When and Where: Thursday – Sunday, Greensboro Coliseum, Greensboro, NC
Last year: Florida State advanced through the tourney by beating Miami, Duke and North Carolina. They got no favors from the bracket as they won their first ever ACC Title. The ACC is unique in that they do not honor an official regular season champion, having ended that practice in 1961. Fans still get jazzed (and rightfully so) and schools hang banners, but to win the ACC you have win the ACCT.
This year: The media pegged NC State as the preseason favorite, but they finished with the No. 5 seed. Instead, Miami got on an early roll and won their first 13 ACC games. They stumbled a bit down the stretch (2-3) but still finished a game ahead of Duke.
The favorite: With Ryan Kelly Duke is 18-0. Without Kelly they're 9-4. Unfortunately for the rest of the ACC, Kelly is back and helped Duke to a home win over Miami and then curb stomps of Wake Forest and North Carolina. In those games he made 9-14 3s (64%).
Duke's one weakness is their defense, which is "only" the 24th best nationally. But from 2007-2011 they were top 10, and that's where Coach K expects to be. Last year they were awful on defense, and this year they've struggled at times, especially when Kelly was out. The primary problem is that they are giving opponents too many possessions. They're pedestrian at forcing turnovers (122nd) and aren't a very good defensive rebounding team (229th).
Duke has won 10 of the past 14 ACC Tournaments.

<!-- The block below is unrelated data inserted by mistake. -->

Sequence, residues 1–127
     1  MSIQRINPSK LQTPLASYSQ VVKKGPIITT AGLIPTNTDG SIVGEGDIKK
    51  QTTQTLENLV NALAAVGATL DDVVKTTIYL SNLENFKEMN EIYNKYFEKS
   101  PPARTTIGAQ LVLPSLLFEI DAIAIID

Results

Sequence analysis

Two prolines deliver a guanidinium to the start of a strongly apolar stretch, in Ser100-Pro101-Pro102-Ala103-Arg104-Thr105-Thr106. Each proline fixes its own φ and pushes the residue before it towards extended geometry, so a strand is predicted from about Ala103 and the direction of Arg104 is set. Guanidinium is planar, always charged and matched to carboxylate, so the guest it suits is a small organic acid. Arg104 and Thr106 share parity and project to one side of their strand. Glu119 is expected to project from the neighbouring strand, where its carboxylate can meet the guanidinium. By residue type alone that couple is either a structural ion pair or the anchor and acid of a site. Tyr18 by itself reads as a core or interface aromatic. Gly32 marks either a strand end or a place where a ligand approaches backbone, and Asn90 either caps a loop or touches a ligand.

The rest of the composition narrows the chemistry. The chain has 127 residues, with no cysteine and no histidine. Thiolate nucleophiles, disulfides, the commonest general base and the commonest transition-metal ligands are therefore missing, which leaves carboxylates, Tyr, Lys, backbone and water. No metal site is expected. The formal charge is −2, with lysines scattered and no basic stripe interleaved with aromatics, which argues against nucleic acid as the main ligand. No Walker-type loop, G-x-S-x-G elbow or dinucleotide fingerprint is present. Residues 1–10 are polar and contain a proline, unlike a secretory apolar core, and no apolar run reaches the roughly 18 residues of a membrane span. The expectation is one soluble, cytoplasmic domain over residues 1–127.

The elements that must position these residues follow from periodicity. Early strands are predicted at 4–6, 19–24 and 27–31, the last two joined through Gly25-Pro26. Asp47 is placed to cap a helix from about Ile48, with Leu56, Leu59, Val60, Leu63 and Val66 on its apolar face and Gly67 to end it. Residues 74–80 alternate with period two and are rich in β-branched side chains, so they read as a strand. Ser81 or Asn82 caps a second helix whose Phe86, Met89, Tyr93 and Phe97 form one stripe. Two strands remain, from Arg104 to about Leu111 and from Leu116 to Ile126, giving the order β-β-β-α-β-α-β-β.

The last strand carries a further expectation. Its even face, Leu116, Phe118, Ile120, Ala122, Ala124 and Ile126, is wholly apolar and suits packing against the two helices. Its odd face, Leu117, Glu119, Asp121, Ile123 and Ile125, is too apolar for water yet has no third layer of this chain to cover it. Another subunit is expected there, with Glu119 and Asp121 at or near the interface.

The contender: When Jim Larranaga arrived at Miami, they had never had a winning conference record in the ACC. Two years later, they're the No. 1 seed and he's gone 24-10 in conference. He also has the 9th most experienced team in the country, so if they're going to win it, they better get it done this year.
At one point their defense was top 5 nationally. In the first 25 games only three opponents managed to score more than 1.1 points per possession against them. But in their final five games Wake Forest, Duke and Georgia Tech all scored at least 1.15. It's no surprise that Duke would score that much, but allowing that kind of scoring vs the other two is cause for alarm.
Offensively they've been steady and are No. 30 nationally. PG Shane Larkin has made one of the biggest freshman-to-sophomore leaps in the nation. He's tiny (5-11, 175) but is surrounded by long, athletic talent. 6-5 senior Durand Scott is awesome defensively, and has a stereotypical New York city offensive game. But the key might be 6-11 senior Kenny Kadji (a Florida transfer) who can play inside or out. He sets up Miami's high ball screen game by being able to pick or pop.
The dark horse: If NC State had any depth they probably could have squeezed a few more wins out of the season. But they have no shortage of talent. Senior Richard Howell was arguably the conference Player of the Year, and he's the best offensive rebounder in the conference and the 3rd best defensive rebounder (only ACC player in the top 5 of both categories). PG Lorenzo Brown is inconsistent, but at times looks like an NBA starter. Freshmen Rodney Purvis and TJ Warren have both had huge games. Scott Wood is capable of going off from deep on just about any night. And then there's CJ Leslie, who, three years later, is still CJ Leslie. If he's changed since his freshman season it's that he's somewhat more consistent with his effort. He alternately looks bored or annoyed, but then he'll drop some awe inspiring post move to remind everyone how talented he is.